The new EV will be priced to compete with other premium automakers, like Mercedes-Benz, BMW, Volvo, and Audi. Sony has said it expects its software to offer subscription services, so vehicle owners will likely have to pay a monthly fee in order to access certain features. Like heated seats, faster speeds, longer distance, etc… Think this is a rip off? so do we. Contact us for EV car hacks.
Sony and Honda announces their new EV brand Afeela
It was three years ago when Sony stunned attendees at CES by rolling out a sleek concept sedan called the Vision-S. With its pillar-to-pillar infotainment screens and an emphasis on (what else?) music and entertainment, the Vision-S was supposed to showcase what it would look like if Sony actually made a car. Which it assured everyone it had no intention of doing.
Well, it turned out that wasn’t entirely true. In early 2022, news got out that Sony was creating a joint venture with Honda with the express purpose of mass producing and selling electric vehicles. The Sony-Honda cars will go into production at one of Honda’s 12 facilities in the US, though no details have been shared on planned volume. The EV will be sold first in the US in 2026, and then Japan and Europe at a later date. Preorders are said to open in 2025.
Among some of the ideas that have been floated for the Honda-Sony car was a fully integrated PS5 for gaming and entertainment. According to Yasuhide Mizuno, chair of Sony Honda Mobility and senior managing officer of Honda, the plan was to “develop a car as hardware that will cater to the entertainment and network we would like to offer,” he said in an interview late last year.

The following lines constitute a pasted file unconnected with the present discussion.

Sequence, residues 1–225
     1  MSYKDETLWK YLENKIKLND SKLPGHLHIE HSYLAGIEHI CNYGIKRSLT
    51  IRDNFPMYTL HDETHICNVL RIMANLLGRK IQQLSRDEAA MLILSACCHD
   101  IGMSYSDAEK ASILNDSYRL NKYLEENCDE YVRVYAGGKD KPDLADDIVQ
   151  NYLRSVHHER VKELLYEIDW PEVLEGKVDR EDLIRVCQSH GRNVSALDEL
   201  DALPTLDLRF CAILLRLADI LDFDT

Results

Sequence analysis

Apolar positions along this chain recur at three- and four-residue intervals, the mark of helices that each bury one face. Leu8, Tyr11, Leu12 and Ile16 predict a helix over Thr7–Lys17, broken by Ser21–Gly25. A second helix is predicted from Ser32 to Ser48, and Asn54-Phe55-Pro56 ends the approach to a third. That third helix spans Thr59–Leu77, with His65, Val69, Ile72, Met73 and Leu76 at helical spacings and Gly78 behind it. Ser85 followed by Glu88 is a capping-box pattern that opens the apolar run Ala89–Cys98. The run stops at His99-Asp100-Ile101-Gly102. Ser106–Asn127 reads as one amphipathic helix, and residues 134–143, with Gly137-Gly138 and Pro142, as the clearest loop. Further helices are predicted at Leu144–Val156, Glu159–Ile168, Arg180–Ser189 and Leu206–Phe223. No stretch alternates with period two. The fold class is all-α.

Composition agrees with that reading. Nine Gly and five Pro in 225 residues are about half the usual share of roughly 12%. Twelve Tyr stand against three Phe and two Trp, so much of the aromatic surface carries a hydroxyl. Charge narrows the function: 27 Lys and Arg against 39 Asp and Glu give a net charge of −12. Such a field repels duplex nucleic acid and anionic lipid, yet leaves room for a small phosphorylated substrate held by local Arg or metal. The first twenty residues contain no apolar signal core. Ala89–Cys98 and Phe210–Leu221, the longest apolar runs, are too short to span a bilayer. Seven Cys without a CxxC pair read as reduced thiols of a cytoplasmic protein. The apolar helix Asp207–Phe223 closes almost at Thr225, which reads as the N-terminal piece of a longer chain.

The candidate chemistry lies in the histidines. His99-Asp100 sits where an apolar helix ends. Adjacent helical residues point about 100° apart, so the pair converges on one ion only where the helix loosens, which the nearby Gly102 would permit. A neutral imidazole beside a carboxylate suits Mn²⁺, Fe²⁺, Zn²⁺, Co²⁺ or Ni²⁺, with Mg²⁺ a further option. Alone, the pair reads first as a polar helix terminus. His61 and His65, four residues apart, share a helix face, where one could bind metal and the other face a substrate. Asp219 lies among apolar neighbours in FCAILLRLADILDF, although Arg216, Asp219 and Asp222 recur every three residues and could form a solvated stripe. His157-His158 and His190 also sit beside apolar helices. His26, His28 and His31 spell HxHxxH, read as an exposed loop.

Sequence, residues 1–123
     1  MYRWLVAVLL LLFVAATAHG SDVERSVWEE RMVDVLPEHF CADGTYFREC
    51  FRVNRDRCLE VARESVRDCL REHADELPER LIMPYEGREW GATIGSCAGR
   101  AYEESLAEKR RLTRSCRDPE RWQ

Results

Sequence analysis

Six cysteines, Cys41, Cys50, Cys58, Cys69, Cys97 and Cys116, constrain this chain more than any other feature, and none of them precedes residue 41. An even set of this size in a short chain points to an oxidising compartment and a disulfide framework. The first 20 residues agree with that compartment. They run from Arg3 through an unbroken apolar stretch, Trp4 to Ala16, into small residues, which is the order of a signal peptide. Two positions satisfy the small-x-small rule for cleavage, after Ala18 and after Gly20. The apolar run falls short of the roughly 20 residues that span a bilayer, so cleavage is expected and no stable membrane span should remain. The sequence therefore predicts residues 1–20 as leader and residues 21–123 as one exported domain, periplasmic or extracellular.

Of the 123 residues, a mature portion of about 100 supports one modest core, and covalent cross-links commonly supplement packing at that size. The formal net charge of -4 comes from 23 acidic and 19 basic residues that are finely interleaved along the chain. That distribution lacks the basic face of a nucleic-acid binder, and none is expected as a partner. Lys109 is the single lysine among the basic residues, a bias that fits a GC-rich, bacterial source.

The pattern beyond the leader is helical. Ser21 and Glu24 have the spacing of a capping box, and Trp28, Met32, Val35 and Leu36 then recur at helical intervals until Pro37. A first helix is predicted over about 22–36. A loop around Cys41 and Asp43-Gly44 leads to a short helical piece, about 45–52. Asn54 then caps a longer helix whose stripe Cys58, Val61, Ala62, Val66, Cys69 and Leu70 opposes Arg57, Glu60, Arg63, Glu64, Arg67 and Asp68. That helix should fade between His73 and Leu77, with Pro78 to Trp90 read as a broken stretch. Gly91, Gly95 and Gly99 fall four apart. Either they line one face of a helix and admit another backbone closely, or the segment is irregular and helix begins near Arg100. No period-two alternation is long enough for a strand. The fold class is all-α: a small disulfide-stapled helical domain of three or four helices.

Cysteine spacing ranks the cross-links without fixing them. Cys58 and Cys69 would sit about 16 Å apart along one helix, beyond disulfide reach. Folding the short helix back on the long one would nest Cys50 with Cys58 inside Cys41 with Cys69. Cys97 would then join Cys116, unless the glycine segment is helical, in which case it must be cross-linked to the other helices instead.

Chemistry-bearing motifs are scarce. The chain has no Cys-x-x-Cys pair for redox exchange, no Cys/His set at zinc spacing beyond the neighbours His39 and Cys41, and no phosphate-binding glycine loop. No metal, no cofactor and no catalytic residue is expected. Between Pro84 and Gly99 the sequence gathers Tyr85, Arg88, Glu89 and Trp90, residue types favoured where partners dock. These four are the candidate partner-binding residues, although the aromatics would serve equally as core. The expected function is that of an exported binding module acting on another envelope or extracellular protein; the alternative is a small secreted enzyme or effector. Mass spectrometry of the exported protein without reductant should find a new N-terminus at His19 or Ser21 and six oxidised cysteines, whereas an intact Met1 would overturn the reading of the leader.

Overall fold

In other words, Sony sees cars — and EVs in particular — as a crucial platform for the future of its tech and entertainment products. But it’s not content to license its hardware and software to automakers, or design its operating system like Apple and Google. It wants a hand in the design and development process too. Making cars is incredibly risky and expensive, especially for a company that has never done it before. Just look at Dyson. Just because you make really great non-car products, doesn’t mean those same skills necessarily translate into the automotive space.
Of course, Honda is developing its own lineup of EVs, starting with the Prologue, which is being built in collaboration with General Motors. The Prologue, which is expected to go on sale in 2024, is Honda’s first long-range EV targeted at the North American market. It marks the beginning of a wave of 30 hybrid battery-electric fuel-cell vehicles that Honda says it will release by the end of the decade. Honda will use GM’s Ultium platform to power the Prologue as well as an unnamed 2024 Acura model based on its Precision concept released earlier this year.
Object-Oriented Programming (OOP)(Opens in a new browser tab)
The auto industries race to the electric and autonomous car(Opens in a new browser tab)
Nissan follows Tesla’s lead and drops LIDAR from autonomous cars(Opens in a new browser tab)
Over 164 Million U.S. Adults Enjoy Playing Video Games(Opens in a new browser tab)
Hacking Autonomous Vehicles: Is This Why We Don’t Have Self-Driving Cars Yet?(Opens in a new browser tab)